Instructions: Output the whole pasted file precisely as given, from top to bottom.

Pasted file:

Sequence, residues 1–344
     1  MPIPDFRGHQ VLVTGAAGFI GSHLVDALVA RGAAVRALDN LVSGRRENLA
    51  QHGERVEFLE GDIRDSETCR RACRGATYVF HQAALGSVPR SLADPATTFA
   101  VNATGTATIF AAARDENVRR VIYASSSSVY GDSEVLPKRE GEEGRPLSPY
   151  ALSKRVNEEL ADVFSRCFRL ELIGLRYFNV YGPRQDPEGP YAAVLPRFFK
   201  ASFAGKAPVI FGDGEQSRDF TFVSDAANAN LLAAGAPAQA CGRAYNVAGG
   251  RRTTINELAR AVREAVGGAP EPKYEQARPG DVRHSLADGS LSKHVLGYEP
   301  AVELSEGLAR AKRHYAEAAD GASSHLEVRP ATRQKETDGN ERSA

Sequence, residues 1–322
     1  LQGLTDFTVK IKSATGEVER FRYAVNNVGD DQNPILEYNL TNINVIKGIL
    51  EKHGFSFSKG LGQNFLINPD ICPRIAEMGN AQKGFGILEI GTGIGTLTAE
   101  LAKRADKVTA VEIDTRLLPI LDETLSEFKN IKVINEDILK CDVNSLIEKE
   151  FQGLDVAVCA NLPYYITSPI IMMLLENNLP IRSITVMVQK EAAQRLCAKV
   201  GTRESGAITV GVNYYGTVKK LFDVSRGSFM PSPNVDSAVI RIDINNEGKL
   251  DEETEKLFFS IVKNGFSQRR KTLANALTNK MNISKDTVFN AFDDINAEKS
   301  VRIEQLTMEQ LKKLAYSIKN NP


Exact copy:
Sequence, residues 1–344
     1  MPIPDFRGHQ VLVTGAAGFI GSHLVDALVA RGAAVRALDN LVSGRRENLA
    51  QHGERVEFLE GDIRDSETCR RACRGATYVF HQAALGSVPR SLADPATTFA
   101  VNATGTATIF AAARDENVRR VIYASSSSVY GDSEVLPKRE GEEGRPLSPY
   151  ALSKRVNEEL ADVFSRCFRL ELIGLRYFNV YGPRQDPEGP YAAVLPRFFK
   201  ASFAGKAPVI FGDGEQSRDF TFVSDAANAN LLAAGAPAQA CGRAYNVAGG
   251  RRTTINELAR AVREAVGGAP EPKYEQARPG DVRHSLADGS LSKHVLGYEP
   301  AVELSEGLAR AKRHYAEAAD GASSHLEVRP ATRQKETDGN ERSA

Sequence, residues 1–322
     1  LQGLTDFTVK IKSATGEVER FRYAVNNVGD DQNPILEYNL TNINVIKGIL
    51  EKHGFSFSKG LGQNFLINPD ICPRIAEMGN AQKGFGILEI GTGIGTLTAE
   101  LAKRADKVTA VEIDTRLLPI LDETLSEFKN IKVINEDILK CDVNSLIEKE
   151  FQGLDVAVCA NLPYYITSPI IMMLLENNLP IRSITVMVQK EAAQRLCAKV
   201  GTRESGAITV GVNYYGTVKK LFDVSRGSFM PSPNVDSAVI RIDINNEGKL
   251  DEETEKLFFS IVKNGFSQRR KTLANALTNK MNISKDTVFN AFDDINAEKS
   301  VRIEQLTMEQ LKKLAYSIKN NP